I love dividing the world into categories. Abstainers and moderators. Radiators and drains. Leopards and alchemists. Marathoners and sprinters (formerly known as "tortoises and hares"—I like this terminology better, how about you?)
I've come up with a new distinction, but I'm still turning it over in my mind. I'm not sure it works out...I would love to hear your response.
A conversation between two friends, at my children's literature reading group meeting, inspired me to notice this.
One friend said, "I always want to feel empty," and a friend responded, "I always want to feel full." (They were speaking metaphorically.)
I thought this was just about the most interesting pair of remarks that I'd ever heard. I wasn't able to pursue this conversation at the time, but I plan to.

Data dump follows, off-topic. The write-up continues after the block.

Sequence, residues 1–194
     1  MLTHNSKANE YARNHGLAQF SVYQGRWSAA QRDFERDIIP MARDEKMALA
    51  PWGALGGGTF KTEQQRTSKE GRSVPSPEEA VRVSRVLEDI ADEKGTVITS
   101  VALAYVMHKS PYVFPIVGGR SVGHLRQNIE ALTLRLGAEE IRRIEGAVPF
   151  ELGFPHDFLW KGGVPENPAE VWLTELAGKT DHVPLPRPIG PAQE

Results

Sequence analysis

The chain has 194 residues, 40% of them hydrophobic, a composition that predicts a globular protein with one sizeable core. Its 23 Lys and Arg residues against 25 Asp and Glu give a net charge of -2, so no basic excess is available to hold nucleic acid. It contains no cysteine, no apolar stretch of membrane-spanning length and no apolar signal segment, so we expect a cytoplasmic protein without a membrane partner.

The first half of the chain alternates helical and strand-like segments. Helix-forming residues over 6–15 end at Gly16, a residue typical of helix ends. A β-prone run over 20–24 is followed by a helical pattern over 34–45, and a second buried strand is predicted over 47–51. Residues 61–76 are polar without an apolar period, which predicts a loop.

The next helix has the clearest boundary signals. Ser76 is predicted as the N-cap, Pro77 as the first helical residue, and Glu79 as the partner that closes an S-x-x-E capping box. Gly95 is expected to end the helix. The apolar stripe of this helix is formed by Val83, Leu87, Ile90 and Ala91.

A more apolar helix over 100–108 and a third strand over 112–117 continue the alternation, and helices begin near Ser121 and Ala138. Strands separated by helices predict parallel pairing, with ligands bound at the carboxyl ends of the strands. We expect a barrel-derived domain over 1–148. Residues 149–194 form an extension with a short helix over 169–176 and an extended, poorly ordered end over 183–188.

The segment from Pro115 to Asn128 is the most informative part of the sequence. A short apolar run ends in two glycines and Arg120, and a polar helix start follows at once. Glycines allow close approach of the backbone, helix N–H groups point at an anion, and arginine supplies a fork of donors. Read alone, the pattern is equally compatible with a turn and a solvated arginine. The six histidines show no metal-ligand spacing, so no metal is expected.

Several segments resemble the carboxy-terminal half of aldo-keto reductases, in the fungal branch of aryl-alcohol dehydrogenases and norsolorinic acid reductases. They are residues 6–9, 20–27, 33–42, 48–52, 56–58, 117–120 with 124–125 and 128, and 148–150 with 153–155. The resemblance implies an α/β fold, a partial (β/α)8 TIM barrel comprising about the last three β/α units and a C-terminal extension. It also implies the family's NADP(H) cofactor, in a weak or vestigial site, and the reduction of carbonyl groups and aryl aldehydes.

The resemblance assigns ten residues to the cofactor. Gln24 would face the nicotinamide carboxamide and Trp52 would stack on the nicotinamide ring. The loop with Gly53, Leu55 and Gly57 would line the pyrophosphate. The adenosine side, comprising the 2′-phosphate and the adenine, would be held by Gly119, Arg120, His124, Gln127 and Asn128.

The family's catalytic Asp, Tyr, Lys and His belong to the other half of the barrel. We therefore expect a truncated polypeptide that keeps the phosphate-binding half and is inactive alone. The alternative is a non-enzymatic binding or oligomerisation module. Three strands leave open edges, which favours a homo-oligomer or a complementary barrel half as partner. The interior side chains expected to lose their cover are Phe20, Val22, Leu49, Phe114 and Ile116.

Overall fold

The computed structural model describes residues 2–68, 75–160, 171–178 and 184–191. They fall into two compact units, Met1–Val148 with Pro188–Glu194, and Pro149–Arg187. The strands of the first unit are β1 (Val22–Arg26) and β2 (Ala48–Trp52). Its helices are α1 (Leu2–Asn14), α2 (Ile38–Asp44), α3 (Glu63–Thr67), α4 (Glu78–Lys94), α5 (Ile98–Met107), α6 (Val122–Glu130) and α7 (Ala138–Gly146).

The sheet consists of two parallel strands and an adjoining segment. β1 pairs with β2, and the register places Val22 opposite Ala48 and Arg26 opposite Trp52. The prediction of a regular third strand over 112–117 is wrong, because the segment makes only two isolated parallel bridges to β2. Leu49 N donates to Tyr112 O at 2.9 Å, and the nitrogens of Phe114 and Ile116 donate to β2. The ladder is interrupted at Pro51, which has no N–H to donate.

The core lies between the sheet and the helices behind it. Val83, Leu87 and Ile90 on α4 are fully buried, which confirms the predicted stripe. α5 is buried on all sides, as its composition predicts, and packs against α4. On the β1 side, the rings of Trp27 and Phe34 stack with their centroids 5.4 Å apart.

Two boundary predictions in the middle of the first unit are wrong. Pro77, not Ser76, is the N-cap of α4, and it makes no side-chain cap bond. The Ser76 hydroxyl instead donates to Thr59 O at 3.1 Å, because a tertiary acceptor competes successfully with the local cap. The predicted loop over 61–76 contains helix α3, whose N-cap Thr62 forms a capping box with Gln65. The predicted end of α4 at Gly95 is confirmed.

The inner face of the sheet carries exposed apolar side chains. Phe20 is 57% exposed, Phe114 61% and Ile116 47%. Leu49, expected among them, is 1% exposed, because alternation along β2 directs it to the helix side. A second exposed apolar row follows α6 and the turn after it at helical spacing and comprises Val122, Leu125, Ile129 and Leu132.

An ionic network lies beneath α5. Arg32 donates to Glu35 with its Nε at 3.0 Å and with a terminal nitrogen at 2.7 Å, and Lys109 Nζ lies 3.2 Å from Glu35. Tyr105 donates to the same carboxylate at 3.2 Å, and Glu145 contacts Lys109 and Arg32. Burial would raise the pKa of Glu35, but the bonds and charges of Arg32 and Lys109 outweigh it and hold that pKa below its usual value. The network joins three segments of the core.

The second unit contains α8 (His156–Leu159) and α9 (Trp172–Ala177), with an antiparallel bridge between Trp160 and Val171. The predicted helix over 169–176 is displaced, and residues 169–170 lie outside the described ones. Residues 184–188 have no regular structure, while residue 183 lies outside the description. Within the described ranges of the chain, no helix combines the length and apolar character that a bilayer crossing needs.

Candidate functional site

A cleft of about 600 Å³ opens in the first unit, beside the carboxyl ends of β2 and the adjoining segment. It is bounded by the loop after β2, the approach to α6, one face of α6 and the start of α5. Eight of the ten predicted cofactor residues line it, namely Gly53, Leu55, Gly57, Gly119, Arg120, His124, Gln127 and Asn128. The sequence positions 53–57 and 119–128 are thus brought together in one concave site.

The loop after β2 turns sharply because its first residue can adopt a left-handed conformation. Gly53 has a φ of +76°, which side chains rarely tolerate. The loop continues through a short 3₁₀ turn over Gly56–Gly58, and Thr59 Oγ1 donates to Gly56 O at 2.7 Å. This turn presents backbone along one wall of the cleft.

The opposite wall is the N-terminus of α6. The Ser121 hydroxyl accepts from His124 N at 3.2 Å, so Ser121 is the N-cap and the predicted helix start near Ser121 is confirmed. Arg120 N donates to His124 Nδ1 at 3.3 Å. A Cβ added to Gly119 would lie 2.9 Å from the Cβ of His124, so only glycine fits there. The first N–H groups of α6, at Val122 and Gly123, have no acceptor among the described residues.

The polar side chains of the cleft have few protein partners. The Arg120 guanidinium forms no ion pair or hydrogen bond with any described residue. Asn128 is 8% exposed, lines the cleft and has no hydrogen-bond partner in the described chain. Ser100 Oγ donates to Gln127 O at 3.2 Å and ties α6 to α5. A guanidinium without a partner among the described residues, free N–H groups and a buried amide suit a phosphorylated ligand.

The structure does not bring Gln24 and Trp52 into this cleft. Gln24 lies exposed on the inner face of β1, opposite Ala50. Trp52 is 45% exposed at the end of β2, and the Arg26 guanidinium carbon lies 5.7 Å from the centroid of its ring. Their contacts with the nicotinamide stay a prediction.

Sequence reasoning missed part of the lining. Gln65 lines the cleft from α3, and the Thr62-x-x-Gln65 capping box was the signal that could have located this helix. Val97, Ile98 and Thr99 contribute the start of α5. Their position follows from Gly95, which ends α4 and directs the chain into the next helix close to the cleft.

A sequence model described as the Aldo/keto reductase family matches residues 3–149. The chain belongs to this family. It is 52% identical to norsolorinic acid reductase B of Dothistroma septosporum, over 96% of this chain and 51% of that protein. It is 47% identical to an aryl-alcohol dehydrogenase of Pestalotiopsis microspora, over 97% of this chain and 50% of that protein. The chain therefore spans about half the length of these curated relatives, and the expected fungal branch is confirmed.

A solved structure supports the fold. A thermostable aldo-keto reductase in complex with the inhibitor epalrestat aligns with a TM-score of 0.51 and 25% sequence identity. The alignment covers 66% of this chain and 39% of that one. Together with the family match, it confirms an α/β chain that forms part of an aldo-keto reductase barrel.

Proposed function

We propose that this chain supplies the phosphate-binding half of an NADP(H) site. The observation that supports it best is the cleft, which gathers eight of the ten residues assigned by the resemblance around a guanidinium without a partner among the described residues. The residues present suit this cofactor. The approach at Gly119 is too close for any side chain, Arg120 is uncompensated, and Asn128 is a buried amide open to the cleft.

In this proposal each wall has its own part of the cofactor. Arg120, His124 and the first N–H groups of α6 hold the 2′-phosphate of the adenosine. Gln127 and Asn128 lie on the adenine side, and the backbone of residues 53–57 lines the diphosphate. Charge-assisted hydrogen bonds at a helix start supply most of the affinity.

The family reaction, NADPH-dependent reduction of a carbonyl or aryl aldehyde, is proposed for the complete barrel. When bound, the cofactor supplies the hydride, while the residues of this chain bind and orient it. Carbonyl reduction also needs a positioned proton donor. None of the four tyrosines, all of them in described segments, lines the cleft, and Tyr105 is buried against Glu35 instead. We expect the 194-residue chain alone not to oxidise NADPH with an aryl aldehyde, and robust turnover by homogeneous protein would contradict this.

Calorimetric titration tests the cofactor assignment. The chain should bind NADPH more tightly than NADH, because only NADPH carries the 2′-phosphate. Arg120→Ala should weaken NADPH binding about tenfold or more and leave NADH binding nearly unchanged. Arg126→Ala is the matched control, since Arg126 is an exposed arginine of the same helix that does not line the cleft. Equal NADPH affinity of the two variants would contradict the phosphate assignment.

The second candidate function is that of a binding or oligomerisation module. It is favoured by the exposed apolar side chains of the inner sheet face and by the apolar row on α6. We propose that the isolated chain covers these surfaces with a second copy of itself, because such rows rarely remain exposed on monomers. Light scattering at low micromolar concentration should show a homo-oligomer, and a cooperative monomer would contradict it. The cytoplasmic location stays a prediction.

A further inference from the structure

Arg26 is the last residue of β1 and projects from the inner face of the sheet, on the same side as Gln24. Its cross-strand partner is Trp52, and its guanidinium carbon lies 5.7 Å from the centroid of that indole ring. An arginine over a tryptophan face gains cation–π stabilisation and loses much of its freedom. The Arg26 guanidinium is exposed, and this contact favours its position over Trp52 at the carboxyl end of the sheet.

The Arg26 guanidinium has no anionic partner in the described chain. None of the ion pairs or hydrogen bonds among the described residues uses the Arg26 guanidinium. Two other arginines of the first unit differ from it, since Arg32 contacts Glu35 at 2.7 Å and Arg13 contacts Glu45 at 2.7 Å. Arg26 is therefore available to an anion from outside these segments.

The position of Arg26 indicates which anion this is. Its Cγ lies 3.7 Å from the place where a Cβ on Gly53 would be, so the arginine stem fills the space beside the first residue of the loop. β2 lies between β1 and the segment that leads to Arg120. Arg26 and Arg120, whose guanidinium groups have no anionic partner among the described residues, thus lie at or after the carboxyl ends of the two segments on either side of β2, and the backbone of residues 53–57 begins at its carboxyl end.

In the meantime, it got me thinking: is this a distinction?
Does one group—I'll call them the simplicity lovers—prefer to have less, subtraction, emptiness, bare surfaces, few choices, spare supplies—one tube of toothpaste? Does this go with a love of stillness?
And does another group—I'll call them abundance lovers—prefer to have more, fullness, overflow, collections, many choices, ample supplies—five tubes of toothpaste? Does this go with a love of buzz?
What do you think of these two categories—agree or disagree? If it strikes a chord with you, what group do you identify with? I put myself in the simplicity lovers category.
One Last Thing
Interested in happiness, habits, and human nature?
Sign up to get my free weekly newsletter. I share ideas for being happier, healthier, more productive, and more creative.
Dive into The Blog
More Posts For You
Find out if you’re an Upholder, Obliger, Questioner, or a Rebel.
The Four Tendencies explain why we act and why we don’t act. Our Tendency shapes every aspect of our behavior, so understanding your Tendency lets us make better decisions, meet deadlines, suffer less stress and burnout, and engage more effectively.